Beginning with the question, ‘what and when is modern China?’, The Oxford Illustrated History of Modern China, edited by Jeffrey N. Wasserstrom, offers an overview of modern Chinese history, from its origins to the present-day. This is a beautifully illustrated, accessible and scholarly work that will serve as an excellent introduction to the country to researchers, students and the general public alike, writes Tim Chamberlain.
If you are interested in this book review, you may also like to listen to a podcast recording of LSE lecture, ‘The History of China’s Future’, featuring Professor Wasserstrom and LSE Professor Leigh Jenco, recorded on 26 May 2016.
The Oxford Illustrated History of Modern China. Jeffrey N. Wasserstrom (ed.). Oxford University Press. 2015.
An old adage says you should never judge a book by its cover. At first glance The Oxford Illustrated History of Modern China looks like a glossy coffee-table book, but its colourful exterior belies an accessible yet scholarly work within. Edited by Jeffrey N. Wasserstrom, the book consists of eleven chapters and a final coda, each written by a leading China specialist. Many of these names – including Robert Bickers, Rana Mitter, Stephen R. Platt, Kate Merkel-Hess and Ian Johnson – will be familiar to anyone with an interest in the field. And, as the title suggests, each chapter is beautifully illustrated with large format colour photographs as well as explanatory maps and charts that ably compliment the text.
The book begins with the dual question – what and when is modern China? Wasserstrom’s introduction confronts this challenge from the standpoint of the present looking back, contextualising the popular perception of China as a present-day global power while asking where we should commence a history of modern China. This is an interesting question to consider given the oft-quoted notion that China is a nation founded on 5,000 years of unbroken civilisation. As Wasserstrom points out, for the China specialist ideas regarding the size and longevity of China’s ‘civilisation’ are both a blessing and a curse: a blessing because China’s long history more than amply justifies the historian’s interest, yet also a curse as a number of preconceptions need to be tackled.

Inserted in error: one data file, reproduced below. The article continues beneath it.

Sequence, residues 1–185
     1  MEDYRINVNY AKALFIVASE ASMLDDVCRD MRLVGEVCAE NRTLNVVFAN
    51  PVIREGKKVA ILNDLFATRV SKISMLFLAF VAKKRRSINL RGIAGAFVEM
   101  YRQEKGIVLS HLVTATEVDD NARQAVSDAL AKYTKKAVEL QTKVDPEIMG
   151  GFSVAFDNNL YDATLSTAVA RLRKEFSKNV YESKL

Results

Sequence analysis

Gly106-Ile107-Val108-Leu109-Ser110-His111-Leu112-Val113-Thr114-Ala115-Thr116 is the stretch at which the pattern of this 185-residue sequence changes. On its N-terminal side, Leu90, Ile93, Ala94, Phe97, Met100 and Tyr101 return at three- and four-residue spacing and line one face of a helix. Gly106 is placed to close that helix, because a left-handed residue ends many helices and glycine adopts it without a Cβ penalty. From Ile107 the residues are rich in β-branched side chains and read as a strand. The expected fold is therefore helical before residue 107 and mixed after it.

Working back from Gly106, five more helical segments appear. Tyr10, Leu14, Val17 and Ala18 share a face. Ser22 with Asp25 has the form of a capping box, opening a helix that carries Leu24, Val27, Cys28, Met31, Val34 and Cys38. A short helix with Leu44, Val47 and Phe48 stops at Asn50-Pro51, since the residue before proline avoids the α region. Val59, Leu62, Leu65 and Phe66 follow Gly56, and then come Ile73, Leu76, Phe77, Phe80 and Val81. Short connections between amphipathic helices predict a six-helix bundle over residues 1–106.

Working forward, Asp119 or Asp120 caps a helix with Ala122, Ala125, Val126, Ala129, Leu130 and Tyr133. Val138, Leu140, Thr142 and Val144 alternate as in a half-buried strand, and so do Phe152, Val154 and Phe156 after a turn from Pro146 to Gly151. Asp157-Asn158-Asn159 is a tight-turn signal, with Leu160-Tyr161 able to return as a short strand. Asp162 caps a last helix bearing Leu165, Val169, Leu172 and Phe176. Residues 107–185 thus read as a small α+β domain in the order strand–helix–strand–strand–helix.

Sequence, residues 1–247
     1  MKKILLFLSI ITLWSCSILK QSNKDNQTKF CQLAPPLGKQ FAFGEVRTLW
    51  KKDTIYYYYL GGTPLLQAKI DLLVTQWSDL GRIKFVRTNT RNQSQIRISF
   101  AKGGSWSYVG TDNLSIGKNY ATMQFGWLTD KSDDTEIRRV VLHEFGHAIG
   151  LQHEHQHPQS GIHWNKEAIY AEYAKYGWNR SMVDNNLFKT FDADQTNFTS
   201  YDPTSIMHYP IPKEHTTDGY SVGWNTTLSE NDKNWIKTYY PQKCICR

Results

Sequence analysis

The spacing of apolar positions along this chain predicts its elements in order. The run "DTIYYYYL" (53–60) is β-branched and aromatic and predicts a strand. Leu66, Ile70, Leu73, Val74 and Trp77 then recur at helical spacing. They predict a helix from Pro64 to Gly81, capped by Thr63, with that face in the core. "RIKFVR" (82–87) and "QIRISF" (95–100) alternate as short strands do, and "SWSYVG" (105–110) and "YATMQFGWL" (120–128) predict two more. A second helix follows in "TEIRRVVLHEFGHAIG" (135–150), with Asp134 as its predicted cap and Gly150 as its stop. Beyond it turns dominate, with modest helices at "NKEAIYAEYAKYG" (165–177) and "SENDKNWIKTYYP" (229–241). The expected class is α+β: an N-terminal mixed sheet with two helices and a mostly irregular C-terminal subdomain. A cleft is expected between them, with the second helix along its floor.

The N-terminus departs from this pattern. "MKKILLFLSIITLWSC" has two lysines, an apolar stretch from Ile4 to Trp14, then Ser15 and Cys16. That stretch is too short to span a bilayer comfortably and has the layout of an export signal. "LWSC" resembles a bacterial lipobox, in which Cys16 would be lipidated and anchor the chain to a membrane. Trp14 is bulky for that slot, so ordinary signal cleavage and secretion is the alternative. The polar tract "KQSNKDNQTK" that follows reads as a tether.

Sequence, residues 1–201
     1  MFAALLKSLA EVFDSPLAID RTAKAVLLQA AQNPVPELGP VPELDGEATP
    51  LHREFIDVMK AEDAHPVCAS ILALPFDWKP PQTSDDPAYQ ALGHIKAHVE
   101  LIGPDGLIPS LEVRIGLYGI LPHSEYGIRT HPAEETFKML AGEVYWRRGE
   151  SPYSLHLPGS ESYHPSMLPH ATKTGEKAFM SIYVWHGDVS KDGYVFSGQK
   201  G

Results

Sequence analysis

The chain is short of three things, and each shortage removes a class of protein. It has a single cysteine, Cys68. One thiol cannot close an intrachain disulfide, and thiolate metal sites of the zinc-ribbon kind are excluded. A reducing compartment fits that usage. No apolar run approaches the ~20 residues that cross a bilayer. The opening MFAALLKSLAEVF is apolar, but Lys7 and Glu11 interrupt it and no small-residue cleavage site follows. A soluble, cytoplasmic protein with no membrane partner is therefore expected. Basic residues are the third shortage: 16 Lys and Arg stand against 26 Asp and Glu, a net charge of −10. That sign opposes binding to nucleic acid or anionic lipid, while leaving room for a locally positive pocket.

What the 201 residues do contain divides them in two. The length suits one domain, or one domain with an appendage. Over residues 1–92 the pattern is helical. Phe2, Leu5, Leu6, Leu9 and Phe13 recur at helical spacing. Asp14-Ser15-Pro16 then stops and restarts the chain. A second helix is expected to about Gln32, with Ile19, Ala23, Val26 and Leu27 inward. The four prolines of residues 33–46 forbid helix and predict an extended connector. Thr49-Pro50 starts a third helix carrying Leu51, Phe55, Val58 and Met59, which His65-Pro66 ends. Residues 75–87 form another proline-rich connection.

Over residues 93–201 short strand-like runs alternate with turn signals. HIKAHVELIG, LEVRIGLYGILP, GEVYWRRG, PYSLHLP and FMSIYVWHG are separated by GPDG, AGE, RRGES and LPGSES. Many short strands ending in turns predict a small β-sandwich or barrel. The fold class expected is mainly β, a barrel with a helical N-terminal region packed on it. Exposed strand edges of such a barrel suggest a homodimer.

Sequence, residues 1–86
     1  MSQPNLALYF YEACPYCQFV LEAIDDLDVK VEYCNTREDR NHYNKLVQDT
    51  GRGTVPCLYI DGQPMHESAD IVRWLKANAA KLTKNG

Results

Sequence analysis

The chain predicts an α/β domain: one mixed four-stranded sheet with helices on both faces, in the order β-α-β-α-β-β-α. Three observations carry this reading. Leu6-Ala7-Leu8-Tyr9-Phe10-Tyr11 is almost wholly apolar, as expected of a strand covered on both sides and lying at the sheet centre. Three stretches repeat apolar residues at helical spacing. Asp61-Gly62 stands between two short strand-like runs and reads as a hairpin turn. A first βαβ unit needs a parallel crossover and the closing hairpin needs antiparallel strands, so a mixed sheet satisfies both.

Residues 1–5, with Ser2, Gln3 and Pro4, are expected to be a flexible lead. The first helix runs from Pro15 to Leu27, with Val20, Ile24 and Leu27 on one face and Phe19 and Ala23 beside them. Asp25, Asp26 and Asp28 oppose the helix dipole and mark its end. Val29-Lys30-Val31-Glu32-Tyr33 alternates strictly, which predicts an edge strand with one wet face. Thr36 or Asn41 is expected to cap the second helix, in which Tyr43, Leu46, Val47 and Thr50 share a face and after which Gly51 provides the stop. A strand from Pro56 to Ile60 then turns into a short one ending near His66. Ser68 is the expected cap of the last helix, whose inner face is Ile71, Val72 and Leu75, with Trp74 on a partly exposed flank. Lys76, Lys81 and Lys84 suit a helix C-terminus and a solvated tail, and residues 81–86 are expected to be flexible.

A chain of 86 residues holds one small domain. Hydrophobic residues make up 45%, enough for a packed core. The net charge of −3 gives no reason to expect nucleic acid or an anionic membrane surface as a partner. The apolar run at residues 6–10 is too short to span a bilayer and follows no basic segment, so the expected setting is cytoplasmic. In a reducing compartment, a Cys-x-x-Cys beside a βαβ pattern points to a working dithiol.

As anyone who studies China discovers, China has constantly changed, continually renewing and remoulding itself. Wasserstrom’s introduction succinctly sketches an overview of China’s early history to the peak years of the Ming era, where this particular history properly begins. The late Ming era is the point at which some of the ‘key symbols of China’s “five thousand years of civilization” came into existence or at least took their most familiar form’ (5, italics in original). The first chapter, by Anne Gerritsen, examines this idea in greater detail. She focuses on the ‘Late Ming to High Qing, 1550-1792’, covering a vast range of themes including social and cultural life; women and gender; art and material culture; and religion and politics. She also focuses on the reign of three key Qing Dynasty emperors who together, it could be said, constitute the last great period during which China flourished.